Employment law changes from April 2016: what employers need to know

crocus-100134_1920It’s Springtime and April is the time for changes in employment law. The major changes that employers need to be aware of are:

Introduction of the National Living Wage

The National Living Wage comes into force on 1 April 2016. Workers aged 25 and over will be entitled to the National Living Wage rate of £7.20 per hour from the first pay reference period beginning on or after 1 April 2016. So, for example, if an employer’s monthly payroll period begins on 15 April 2016, the National Living Wage rate will apply from that date, because this is the first pay reference period that begins on or after 1 April 2016. The employer does not have to pay workers the National Living Wage for the period from 1 April to 14 April 2016.

Where salary sacrifice arrangements are in operation, employers need to check that employees’ pay does not fall below the increased rate of pay required by the National Living Wage.

Strengthening of National Minimum Wage compliance measures

From 1 April 2016 the penalty for employers for non-compliance with the National Minimum Wage will double to 200% of the total underpayment owed to each worker (up to a maximum of £20,000 per worker), unless the arrears are paid within 14 days. The same enforcement regime will also apply for non-payment of the National Living Wage.

A new penalty of disqualification from being a company director (for up to 15 years) for failure to pay the National Minimum Wage and/or National Living Wage is also being introduced on 1 April 2016.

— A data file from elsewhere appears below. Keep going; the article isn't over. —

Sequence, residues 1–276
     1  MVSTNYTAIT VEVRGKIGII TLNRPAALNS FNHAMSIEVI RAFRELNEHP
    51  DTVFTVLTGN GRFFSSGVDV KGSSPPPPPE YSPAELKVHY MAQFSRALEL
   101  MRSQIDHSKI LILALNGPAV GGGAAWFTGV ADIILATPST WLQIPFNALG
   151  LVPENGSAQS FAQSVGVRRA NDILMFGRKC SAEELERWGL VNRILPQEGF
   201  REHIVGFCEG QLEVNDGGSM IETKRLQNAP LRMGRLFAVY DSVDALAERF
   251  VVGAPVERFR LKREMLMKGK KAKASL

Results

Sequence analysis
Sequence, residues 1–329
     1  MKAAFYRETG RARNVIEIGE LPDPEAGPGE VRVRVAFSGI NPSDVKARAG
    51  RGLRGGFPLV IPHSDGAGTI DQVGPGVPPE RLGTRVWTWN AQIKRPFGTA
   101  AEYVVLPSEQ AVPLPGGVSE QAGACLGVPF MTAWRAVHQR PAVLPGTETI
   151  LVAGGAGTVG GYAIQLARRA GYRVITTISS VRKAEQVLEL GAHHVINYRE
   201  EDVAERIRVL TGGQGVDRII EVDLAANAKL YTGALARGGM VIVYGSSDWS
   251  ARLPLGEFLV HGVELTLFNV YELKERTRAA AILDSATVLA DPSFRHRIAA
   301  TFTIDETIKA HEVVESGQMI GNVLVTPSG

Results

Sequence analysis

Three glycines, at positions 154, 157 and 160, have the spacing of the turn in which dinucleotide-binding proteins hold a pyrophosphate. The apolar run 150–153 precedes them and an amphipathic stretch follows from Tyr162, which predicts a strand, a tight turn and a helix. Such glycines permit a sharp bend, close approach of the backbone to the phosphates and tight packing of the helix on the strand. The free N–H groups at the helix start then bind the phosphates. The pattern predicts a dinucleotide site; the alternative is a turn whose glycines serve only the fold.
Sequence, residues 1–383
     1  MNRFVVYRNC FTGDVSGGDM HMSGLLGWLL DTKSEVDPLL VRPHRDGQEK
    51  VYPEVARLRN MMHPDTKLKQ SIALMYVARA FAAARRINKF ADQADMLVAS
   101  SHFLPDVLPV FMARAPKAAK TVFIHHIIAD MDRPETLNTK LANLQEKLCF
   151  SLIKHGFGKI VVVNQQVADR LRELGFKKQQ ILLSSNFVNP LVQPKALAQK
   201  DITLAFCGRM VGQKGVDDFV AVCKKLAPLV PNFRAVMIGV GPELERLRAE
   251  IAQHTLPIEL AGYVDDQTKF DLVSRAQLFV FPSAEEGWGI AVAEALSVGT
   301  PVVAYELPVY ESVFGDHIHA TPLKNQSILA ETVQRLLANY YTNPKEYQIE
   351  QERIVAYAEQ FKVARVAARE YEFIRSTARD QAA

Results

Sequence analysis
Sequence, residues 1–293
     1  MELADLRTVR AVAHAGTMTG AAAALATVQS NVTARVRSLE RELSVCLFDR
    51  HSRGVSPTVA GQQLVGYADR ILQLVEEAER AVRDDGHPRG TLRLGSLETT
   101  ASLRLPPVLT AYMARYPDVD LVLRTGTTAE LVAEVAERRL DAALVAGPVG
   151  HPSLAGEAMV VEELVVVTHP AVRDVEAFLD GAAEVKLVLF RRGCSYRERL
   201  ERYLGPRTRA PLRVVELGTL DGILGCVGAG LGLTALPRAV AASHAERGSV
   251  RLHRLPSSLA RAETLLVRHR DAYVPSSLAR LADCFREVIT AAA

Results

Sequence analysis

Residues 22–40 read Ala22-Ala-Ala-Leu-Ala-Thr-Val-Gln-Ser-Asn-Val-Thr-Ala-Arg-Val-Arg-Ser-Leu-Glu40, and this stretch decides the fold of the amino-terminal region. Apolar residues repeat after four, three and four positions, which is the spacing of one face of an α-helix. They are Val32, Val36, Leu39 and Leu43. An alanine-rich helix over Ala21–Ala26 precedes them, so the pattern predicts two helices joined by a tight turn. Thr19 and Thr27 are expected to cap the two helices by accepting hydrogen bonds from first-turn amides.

Introduction of a new state pension scheme – no more “contracting-out”

A single-tier state pension is being introduced from 6 April 2016, and this will replace the previous basic state pension and additional state pension.

As a result, pension schemes provided by employers will no longer be able to contract out of the state pension and receive a National Insurance rebate, which means that for schemes that were previously contracted out the employer and employee National Insurance contributions will increase. Employers who operate contracted out pension schemes need to make employees aware of this and any impact on their pay.

The abolition of employer National Insurance contributions for apprentices under 25

To encourage employers to create more apprenticeships, from 6 April 2016 employers’ National Insurance contributions for apprentices under 25 will be abolished. This means that employers will no longer have to pay Class 1 National Insurance contributions on any earnings up to the upper earnings limit applicable to apprentices under 25.

Introduction of financial penalties for non-payment of Employment Tribunal awards

Research showed that less than half of Tribunal claimants who had been awarded compensation received the full award from the employer.

To try to address this, from 6 April 2016 a financial penalty can be imposed on an employer who fails to pay an Employment Tribunal award of compensation, or a settlement reached through Acas under a COT3 agreement. The penalty will be 50% of the unpaid sum, subject to a minimum of £100 and a maximum of £5,000, although if the employer pays both the unpaid sum to the claimant and the imposed penalty within 14 days of the penalty notice, then the penalty will be reduced by 50%.

Increase in a week’s pay

On 6 April 2016 the cap on a week’s pay for the purposes of calculating a statutory redundancy payment increases from £475 to £479. The maximum statutory redundancy payment will therefore increase to £14,370.

The increase in a week’s pay will also apply to the calculation of the basic award in unfair dismissal claims.

No change to statutory family-related pay and sick pay rates however

Statutory adoption, maternity, paternity and shared parental pay rates and statutory sick pay generally increase each April, but the rates have been frozen at £139.58 per week for family-related pay and £88.45 per week for statutory sick pay for the time being.

If you need advice on any of these employment law changes, please contact Helen Kay on or .

HMK Legal - straightforward affordable employment law advice